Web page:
NOTE: This is an entry for a mini challenge for stinky stories. I don't usually write this good. :)
There is a little cove lined with weeping willows on the north side of Yester Bay, where a small boat, with one oar, is tied off on a Sycamore stump.
A hundred yards of hardwood trees and vines and pirate paths of playing children separate the cove from Villain Street where the sounds of fighting cats and yelping dogs ride the breezes and are soon swallowed by the silence and solitude of Yester Bay.
An older man, to a young child, but not so old a man to an elderly cafť coffee drinker or a man approaching his retirement years Ö but, hmmmm, He was forty something; he would like all to believe, so he was probably fifty. Letís say, a fifty year old man, no doubt on the man part though, was standing on the shore of Yester Bay with a wry smile on his not yet ancient face; depending on who was looking or doing the judging of his ancientness. But, seeing how I am writing this tale, letís all agree, and youíll have to trust me because you are looking at this through my eyes, he is fifty.
He was standing on a magical spot. Not magical in the sense of dark, sinful, conjuring hocus pocus stuff, but magical in the sense it was not ordinary in a delightful unordinary type way.
At the very spot this man. Hmmmm, letís give him a name so I donít have to go into another rant on his agedness. Letís call him, Vincent; not for any deep meaningful reason, mind you. I just happen to be looking at a Van Gogh reproduction on my bedroom wall as I type this masterpiece of stinkism.
So, Vincent, not Van Gogh, and not Price (lol). Letís not give him a last name. His name is just Vincent.
Shall we describe him some? Or shall I just let your imagination fill in the blanks. Just think of your favorite uncle and Vincent will look like him. Do you have the picture. Okay, back to the story.
Vincent, was standing with a wry smile on his face on a very, letís say KOOL, spot on the shores of Yester Bay in a cove lined with weeping willows.
The spot was special because, it was at that very portion of peebly beach, that all of the sounds from Villain Street would disappear, evaporate, and all of the sounds of Vincentís youth, his past, his summers on Yester Bay would float in from the Bay on refreshing breezes.
Thatís why Vincent was smiling; well partially.
Oh yes, I forgot to tell you, it was early morning, on a Sunday. And on this particular day, there was one sound Vincent was searching for. It was a splashing kind of noise. A noise made on a Sunday morning, way back when he was nine years old. A noise of him being lowered into the Bay by Pastor Canít-Remember-His-Name, and then hoisted back up by a power stronger than he was lowered down with. When he came back up out of the water, there was a swooshing kind of splashy noise that he wanted to hear again.
You see, Vincent needed to remember what happened on that day on the shores of Yester Bay, on an early Sunday, so he could redirect his ways.
So, Vincent stood and listened; trying to filter out all of the old sounds of his youth; trying to hear that one swooshing kind of splashy noise.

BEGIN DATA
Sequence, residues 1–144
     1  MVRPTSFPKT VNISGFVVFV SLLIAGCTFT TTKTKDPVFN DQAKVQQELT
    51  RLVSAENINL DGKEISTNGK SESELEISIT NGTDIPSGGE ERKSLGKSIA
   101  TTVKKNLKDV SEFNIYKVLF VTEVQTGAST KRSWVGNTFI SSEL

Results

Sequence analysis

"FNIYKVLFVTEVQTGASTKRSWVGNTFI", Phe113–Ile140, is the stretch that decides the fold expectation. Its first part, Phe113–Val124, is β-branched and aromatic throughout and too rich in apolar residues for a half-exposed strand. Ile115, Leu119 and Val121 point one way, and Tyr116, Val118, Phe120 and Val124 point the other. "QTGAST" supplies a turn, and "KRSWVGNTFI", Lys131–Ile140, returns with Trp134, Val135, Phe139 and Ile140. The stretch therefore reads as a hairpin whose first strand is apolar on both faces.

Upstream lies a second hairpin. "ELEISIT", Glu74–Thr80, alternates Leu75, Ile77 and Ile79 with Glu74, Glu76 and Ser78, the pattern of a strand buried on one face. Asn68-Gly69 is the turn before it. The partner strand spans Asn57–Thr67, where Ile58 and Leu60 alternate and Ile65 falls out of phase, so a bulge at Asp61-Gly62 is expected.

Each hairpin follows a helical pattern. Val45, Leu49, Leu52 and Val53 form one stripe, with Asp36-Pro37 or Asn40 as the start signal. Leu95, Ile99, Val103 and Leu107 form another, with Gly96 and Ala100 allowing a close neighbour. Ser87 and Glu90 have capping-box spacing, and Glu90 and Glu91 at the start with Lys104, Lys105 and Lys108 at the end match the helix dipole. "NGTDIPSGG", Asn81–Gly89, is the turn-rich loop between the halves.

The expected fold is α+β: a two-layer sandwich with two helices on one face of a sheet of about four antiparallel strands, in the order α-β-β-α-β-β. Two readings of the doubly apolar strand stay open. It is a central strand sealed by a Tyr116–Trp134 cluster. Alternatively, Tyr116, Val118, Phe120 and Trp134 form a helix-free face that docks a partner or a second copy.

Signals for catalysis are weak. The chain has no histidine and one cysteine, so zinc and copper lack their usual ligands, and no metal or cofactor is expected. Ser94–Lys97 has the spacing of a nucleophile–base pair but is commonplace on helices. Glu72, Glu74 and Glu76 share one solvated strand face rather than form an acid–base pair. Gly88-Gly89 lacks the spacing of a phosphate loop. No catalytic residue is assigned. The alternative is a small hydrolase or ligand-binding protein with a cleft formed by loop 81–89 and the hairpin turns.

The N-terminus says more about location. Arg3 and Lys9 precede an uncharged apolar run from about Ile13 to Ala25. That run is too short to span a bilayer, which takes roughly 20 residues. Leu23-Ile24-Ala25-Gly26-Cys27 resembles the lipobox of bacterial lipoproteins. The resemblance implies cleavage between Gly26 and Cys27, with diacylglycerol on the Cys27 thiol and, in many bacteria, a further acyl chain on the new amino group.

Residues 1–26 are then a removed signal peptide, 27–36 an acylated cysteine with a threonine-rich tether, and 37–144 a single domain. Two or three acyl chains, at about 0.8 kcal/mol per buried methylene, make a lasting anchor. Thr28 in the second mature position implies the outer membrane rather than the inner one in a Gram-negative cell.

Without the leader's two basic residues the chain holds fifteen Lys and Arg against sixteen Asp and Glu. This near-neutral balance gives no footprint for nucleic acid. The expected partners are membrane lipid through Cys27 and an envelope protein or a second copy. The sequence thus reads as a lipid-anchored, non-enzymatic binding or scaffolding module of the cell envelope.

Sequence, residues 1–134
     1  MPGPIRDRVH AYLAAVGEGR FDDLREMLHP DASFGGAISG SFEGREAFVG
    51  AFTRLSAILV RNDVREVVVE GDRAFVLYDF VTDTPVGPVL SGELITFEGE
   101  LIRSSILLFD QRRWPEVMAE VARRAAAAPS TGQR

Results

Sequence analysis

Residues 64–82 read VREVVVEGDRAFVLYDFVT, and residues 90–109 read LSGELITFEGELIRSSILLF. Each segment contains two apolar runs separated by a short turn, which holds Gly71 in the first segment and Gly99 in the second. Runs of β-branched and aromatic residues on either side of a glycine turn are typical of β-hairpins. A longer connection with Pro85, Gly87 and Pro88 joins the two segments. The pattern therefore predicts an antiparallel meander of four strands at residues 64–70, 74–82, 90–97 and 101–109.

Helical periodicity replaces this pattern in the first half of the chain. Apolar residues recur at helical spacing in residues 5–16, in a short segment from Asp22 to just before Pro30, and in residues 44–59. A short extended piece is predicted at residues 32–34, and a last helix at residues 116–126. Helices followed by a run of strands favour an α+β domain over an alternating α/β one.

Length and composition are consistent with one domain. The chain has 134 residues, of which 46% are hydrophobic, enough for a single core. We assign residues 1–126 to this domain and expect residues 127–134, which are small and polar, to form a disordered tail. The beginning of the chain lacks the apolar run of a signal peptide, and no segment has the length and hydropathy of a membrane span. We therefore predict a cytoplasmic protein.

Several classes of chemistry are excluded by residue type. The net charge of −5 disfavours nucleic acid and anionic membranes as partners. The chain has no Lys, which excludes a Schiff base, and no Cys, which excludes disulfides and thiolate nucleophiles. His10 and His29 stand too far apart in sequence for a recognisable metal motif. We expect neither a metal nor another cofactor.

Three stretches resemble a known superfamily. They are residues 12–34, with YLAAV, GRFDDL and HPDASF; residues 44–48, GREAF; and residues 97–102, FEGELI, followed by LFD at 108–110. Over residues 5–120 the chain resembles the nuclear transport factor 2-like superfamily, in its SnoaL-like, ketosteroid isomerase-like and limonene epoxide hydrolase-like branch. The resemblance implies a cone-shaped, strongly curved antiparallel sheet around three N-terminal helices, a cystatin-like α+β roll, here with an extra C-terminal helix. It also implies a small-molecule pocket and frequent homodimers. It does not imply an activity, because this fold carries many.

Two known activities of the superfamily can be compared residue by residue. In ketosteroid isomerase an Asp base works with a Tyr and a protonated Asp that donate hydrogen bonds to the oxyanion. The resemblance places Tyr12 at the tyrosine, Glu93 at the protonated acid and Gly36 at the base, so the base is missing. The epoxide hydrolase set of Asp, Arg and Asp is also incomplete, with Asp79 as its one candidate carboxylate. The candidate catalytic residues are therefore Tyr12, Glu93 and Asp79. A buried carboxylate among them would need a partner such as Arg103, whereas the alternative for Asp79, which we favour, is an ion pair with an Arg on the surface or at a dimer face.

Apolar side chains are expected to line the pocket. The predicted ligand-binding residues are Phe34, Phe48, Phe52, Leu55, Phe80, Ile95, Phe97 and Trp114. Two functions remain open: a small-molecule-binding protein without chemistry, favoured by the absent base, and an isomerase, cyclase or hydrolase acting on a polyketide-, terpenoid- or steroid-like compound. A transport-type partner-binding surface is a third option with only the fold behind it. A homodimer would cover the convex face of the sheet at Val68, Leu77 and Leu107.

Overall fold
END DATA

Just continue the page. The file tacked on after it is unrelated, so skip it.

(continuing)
And then, he thought he might have heard it, but it was faint. He took a step out into the bay, getting his old deck shoes wet. He could hear it a little clearer. He kept stepping into the Bay further and further until he was waist deep. And then he stopped and listened. The sound wasnít coming from the Bay, so he looked up.
And then he heard it, that swooshing kind of splashy noise that was made in the very Bay he was standing waist deep in 41 years ago, of coarse it was a little closer to shore then because he was smaller at age nine, but none-the-less, the symbolism is still there. The noise, recorded in Heaven, was being played back to him. And yes, I can hear your minds working, he, Vincent, did hear a voice. ďYou are my son, in whom I am well pleased.Ē
Yes, Vincent cried. He felt that power once again that had, years ago, lifted him up out of the waves of Yester Bay.
But, then, he heard the voice again. He looked up.
ďIf you look behind the bush shaped like your cousin Jimmyís afro style hair cut he had back in the 70ís, youíll find another oar to that boat. Iím tired of watching you row in circles out in the middle of Yester Bay.Ē
So, Vincent went and found the oar. And soon was rowing away in the old small boat that used to have one oar. And the fifty year old smiled as he made a bee line to the other side of Yester Bay and the town of Presentville.
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Stinko? This is so creatively written and I love the voice of the narrator but then again that's not saying much from a person who doesn't alway seem to have both oars in the water.:0)ROFL. I really enjoyed this one. Great sticnky writing. Now I am on to writing something again myself, maybe a bit longer.Thx for your entry. God bless.Janice
I like this cozy, folksy, writing style. You know how to write from the inside out, so we DO see the locale/story through the eyes and memories of the POV character. Just one quesion: what's the "stinky" all about? Maybe I missed something :) Good to "hear" from you SirWilliam.
How brave and fine you are to leave a wordy stink-o rather than an unwordy one like the young and the rest of us. :) There's a strange logic to this story but I have to think about it. Just kidding. A really creative stink-bomb. Thanks (uh-I guess) for sharing. No really. Thanks. :)